After seeing their effort finally came to fruition, it was only fitting that Ellia planned to keep the outcome-based planning alive and well in her team.
“This approach elevates my team capabilities, especially in terms of how they think. The strategic approach rooted in outcomes pushes them outside of their comfort zone; it helps them to grow, especially for those who are still at the beginning of the learning curve.”
Note: Others in different companies shared how they too leveraged and benefited from OKR as a thinking exercise. You can read the perspective from the Head of a Partner Engagement in Midtrans here, while the one from a Senior Product Manager in Vidio can be found here.
OKR practice constitutes of 2 sessions that are equally important:
- Planning session, better known as OKR Setup, where individuals write down their priorities and responsibilities (represented in their Key Result) for the upcoming period;
- Review session, better known as OKR Review, to evaluate the progress of each Key Result and giving a sense of completion.
Ellia admitted that both were impactful for her and her team during regular times. However, as the COVID-19 pandemic hit, her team was affected deeply. She had to make adjustments to how the OKR practice was being conducted, which led her to the realization that one (of the 2 sessions above) might just be more impactful than the other.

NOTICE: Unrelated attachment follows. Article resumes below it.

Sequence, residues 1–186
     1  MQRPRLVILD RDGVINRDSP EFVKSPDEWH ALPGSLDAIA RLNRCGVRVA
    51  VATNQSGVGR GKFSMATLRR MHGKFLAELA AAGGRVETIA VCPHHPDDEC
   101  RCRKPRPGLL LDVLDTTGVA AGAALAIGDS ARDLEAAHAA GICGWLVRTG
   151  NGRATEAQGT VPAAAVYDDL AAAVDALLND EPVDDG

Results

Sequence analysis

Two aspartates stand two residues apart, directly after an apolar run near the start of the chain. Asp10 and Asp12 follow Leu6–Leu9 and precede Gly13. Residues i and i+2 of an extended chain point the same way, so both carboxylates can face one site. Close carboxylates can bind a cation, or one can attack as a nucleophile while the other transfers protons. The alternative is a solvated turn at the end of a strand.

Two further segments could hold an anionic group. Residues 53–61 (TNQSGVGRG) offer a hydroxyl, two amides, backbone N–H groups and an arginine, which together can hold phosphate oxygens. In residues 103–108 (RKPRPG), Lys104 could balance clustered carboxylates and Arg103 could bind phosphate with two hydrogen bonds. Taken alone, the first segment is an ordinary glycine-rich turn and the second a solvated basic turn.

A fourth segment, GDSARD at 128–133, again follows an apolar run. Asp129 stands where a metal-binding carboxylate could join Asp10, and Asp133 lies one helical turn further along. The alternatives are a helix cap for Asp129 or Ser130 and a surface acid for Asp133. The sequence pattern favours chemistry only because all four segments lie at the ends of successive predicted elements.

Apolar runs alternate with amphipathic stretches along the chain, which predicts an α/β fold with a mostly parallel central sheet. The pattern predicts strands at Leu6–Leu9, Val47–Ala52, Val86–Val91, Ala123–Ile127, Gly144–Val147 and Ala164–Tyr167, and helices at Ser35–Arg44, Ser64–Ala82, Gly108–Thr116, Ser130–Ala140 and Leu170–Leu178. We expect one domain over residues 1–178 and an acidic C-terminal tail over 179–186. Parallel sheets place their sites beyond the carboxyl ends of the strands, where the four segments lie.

This is how she explained it. When the pandemic progressed at the beginning of Q2 2020, it disrupted the OKR mechanism that had been running well in her team. Many ad-hoc requests appeared in the middle of the OKR period because of the uncertainty in circumstances and the need to act fast as a response to the new normal. The Risk Management function was playing a supporting yet crucial role in the company, and they must constantly assess any changes that happened to the product, process, and policy.
As a result, the OKR Setup could no longer serve its purpose to provide clear and unmoving goals: they needed to adjust their individual OKR often to balance with the ad-hoc requests that frequently showed up due to the unpredictability of the situation.
“I wouldn’t say the OKR Setup had no value during that time,” Ellia said. “It’s just the team’s priority was to complete all the ad-hoc requests that were given to them, considering they were all time-sensitive. I had to help my team to be able to be resilient towards daily changes.”
What Ellia and her team did was reasonable. It was clear they could no longer plan properly due to the external factors they had little or no control over. In such a case, adjustment is allowed to be made.
“Flexibility opens the door to many possibilities; and as a leader, it’s my responsibility to find the best approach to utilize OKR in a way that’s beneficial for my team.”
Because of this, the OKR Review was put front and center. And, considering the circumstances, this was actually beneficial to the team because of the enriched conversation that happened, which comprised of: